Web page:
Editor’s Note: This is the third of an ongoing series of interviews about the study of religion and media around the world. The first part and second part appeared earlier this summer.  In his introduction then, Plate wrote:

Over the next several months, I will be interviewing scholars who are investigating the places where religion and media meet. Since The Revealer itself began alongside NYU’s Center for Religion and Media, this seems a logical venue. The hope is that these intersections will provide a forum for a broad range of scholars, but also make scholarly work accessible to a general public interested in such topics. After all… they are inescapable even if we don’t think of them in terms like “religion” or “media.”

By S. Brent Plate

The human love of games stretches back for aeons. Gameplay presumes a sense of freedom, allows for the imagination to take center stage, and brings people together over a shared task. In her recent book, Godwired: Religion, Ritual, Virtual Reality, Rachel Wagner builds on this widespread human preoccupation, and brings it to bear on current developments in new media, particularly virtual reality. Virtual reality, like religious tradition, is involved in activities of world building, or, cosmos construction. Wagner moves between theories of religion and game programming to construct a unique inroad to the religious dimensions of virtual reality games. More importantly, she reconceives key aspects of religion–such as narrative, ritual, identity, community, and interactivity–by thinking through these alternative, technologically-mediated worlds. From this perspective, ritual itself becomes a kind of virtual reality game, with set players acting in specific parts and behaving in specific ways for a stated purpose. The uniqueness of her book is not so much in finding religion in games, but in pointing toward the virtually religious.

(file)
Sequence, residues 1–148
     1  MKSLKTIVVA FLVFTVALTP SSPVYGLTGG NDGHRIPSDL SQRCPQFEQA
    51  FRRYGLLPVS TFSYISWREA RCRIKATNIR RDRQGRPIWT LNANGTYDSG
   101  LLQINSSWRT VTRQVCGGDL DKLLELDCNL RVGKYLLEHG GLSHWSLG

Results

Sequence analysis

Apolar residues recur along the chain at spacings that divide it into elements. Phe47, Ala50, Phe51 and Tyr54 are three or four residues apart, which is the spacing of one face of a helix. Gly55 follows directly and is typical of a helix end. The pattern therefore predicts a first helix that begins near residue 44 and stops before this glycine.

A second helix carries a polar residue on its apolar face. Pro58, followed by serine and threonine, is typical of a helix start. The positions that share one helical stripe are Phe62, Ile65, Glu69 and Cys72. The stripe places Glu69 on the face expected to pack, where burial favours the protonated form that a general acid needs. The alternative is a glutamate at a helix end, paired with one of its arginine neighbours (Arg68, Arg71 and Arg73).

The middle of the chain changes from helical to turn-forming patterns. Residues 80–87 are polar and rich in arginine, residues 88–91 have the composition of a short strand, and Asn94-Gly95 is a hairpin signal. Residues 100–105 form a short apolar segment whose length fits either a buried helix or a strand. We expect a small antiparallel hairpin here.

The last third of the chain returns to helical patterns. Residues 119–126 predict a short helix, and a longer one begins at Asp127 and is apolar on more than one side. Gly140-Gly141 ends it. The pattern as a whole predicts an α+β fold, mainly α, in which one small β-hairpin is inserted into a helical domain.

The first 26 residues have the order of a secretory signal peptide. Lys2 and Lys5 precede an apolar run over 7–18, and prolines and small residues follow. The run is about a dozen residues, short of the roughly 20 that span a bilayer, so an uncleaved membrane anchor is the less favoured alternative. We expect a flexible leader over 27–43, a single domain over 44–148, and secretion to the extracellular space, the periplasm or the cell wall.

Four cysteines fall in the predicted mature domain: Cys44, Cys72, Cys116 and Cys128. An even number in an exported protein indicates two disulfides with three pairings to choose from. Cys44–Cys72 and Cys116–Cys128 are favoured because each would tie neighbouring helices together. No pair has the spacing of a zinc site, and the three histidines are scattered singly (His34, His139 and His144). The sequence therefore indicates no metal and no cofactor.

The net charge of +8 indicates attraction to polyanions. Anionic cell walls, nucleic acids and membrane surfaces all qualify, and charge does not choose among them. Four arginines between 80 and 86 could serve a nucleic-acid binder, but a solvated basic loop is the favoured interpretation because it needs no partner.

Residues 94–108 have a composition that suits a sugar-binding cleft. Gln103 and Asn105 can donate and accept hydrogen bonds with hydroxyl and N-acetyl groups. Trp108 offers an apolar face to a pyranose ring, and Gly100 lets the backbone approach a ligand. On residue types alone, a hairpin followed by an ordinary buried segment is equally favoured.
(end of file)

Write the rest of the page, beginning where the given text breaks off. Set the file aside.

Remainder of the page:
Rachel Wagner is Associate Professor of Religion at Ithaca College, NY, and currently a fellow at NYU’s Center for Religion and Media. She co-chairs the American Academy of Religion’s Group on Religion, Film, and Visual Culture, and has published widely on religion and culture. In the following audio interview, I speak with Wagner about the ideas leading up to Godwired, and where she might be headed with her ongoing research.

 

S. Brent Plate is visiting associate professor of religious studies at Hamilton College. His recent books include Religion and Film: Cinema and the Re-Creation of the World; and Blasphemy: Art that Offends. With Jolyon Mitchell he co-edited The Religion and Film Reader. He is co-founder and managing editor of Material Religion: The Journal of Objects, Art, and Belief.

Image:  William Blake, “Ancient of Days.”